“His forehand is a velvet sledgehammer.” That was Australian commentator Todd Woodbridge’s initial description of Robin Soderling’s best shot on Sunday in Brisbane. It didn’t take long for Woodbridge to amend the statement. “Actually, it’s more like just a pure sledgehammer.”
The second analysis was the accurate one. “Velvet” is not a word that comes to mind when watching Soderling stalk a tennis court and punish every tennis ball that has the misfortune of finding itself on his side of the net. But “sledgehammer” is just right. His swings on both sides are as raw and unpolished as any pros’. At the moment they’re also as effective as anyone's.
Soderling’s performance in Brisbane was impressive to the point of startling. He didn’t face a break point against Roddick, he out-served him, and he dictated the rallies. What was most surprising was that even when Soderling wasn’t dictating, he still wasn’t losing many of them with unforced errors. We know the Swede has power, we know he is a walking sledgehammer, but if he’s also going to be as consistent as a grinder like Roddick, he’s going to be that much tougher to beat.
There’s a new coach in Soderling’s corner, Claudio Pistolesi. Reportedly, he was choice number three or four or even five. All of his fellow Swedes turned Soderling down. Pistolesi appears to be a calm presence in the player’s box, but on the evidence of this match and most of last week he has Soderling playing with more outward positive energy then he has shown before. In the old days, he got negative very easily, and even in the new days, when he’s been winning, Soderling’s demeanor has remained scowly and harsh. Against Roddick, the scowl was intact, but the body language was more upbeat and proactive than I’ve seen it.
I asked at the end of last year whether Soderling can now be placed among the game’s “elite.” It depends on how you define that term, of course—like “second tier” and “one of the favorites to win such-and-such tournament. . .” it’s a meaningless phrase. But where would sports fans be without meaningless speculation? Not on a tennis blog, that's for sure. But if you consider Andy Murray among the game’s elite—I do—you now have to place the Sod there as well. He’s reached the same number of Grand Slam finals and, as of today, is ranked ahead of him. Soderling will go into the Australian Open as the fourth seed, bumping Murray down to No. 5 (that may not be a bad thing for Murray; that’s where he was last year when he knocked off Nadal in the quarters and reached the final). Starting fresh and healthy in 2011, Soderling seems to believe he belongs there.
What about his opponent, Andy Roddick? The American has become a kind of litmus test for elite status. If you can beat him, you’ve made it. He looked sharp for much of the week, but there was an extra testiness to him as well. He was bothered by losing a set to Kevin Anderson and got into multiple arguments with his favorite chair umpire, Fergus Murphy. I wonder sometimes whether that edge of seriousness keeps him from playing a little more loosely ands freely, from taking a few more risks with his ground strokes. He knows he can beat almost everyone by staying within his big serve/no UFE system. But to beat Soderling the way he was playing yesterday, Roddick needed to get the big guy moving, and that required more risk than he likes to take.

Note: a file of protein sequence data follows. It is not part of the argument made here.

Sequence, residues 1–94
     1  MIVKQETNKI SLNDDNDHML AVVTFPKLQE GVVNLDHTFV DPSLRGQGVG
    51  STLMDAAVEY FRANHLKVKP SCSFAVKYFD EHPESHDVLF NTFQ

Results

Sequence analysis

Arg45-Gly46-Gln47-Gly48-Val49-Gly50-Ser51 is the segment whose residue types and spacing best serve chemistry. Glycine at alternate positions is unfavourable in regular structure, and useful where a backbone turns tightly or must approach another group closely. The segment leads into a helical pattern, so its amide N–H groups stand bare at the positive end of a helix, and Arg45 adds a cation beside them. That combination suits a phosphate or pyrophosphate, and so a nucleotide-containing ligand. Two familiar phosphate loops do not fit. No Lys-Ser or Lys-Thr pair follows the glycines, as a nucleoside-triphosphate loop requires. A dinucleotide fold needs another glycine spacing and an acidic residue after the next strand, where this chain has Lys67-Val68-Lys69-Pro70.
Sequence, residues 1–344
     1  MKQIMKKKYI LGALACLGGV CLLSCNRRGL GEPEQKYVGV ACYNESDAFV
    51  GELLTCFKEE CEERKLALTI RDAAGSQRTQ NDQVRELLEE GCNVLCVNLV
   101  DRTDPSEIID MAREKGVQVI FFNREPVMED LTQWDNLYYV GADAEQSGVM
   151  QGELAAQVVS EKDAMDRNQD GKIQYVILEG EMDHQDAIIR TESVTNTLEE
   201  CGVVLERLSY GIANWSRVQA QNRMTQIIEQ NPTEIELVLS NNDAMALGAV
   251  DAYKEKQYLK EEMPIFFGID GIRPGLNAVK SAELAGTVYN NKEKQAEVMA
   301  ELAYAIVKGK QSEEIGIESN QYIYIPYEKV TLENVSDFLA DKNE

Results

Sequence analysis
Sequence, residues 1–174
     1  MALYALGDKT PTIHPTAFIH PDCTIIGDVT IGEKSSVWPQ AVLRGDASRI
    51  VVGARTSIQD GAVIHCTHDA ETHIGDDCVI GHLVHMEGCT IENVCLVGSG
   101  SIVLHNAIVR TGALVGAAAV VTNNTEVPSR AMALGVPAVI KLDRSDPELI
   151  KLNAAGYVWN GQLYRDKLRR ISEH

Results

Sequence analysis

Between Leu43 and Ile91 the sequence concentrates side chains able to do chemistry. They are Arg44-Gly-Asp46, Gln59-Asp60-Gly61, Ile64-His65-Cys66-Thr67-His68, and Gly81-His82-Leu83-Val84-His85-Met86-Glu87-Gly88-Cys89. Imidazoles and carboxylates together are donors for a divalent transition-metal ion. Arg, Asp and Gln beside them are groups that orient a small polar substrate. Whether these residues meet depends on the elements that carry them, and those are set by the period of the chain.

If anyone deserves the term “velvet sledgehammer” at the moment, it’s Roger Federer. As impressive as Soderling was, Federer outdid him with his play in Doha. Like the Sod, Federer didn’t lose a set on his way to the title there. Didn’t lose a set and barely broke a sweat in the desert heat.
Federer’s game has changed with Paul Annacone. The backhand is simply better. He’s taking it earlier, hitting over it more often, and snapping it crosscourt as if it’s a second forehand (it reminds me of Sampras’s backhand when he was at his mid-90s peak). On the forehand side Federer is playing with less risk and more efficiency. He still hits it for winners, but he doesn’t go for the lines as often. He uses it to transition forward and does enough to stay in control of a point. Ditto for his serve; placement and consistency, rather than bombs, are the watchwords on that shot at the moment. We know from his playing style and his work with the later Sampras that Annacone is a pragmatist of the first order—he’s good at finding exactly what works and not trying to do a whole lot more. That seems to be suiting Federer’s game just fine. His shot-making is such that you can rein him in a little without turning him into a too-safe grind, without costing him his natural gunslinging advantage.
Is Federer now the “favorite” going to Australia? Judging the future by the past, even the immediate past is a fool’s game—no player can go two weeks without at least the hint of a bad day, no matter what kind of roll he's on. That said, though, yeah, Federer is the favorite. Just as in London, he was so slashingly sharp and self-assured in Doha that it seemed to me that he had grown a little taller. If he can do that at 29, he really can do anything.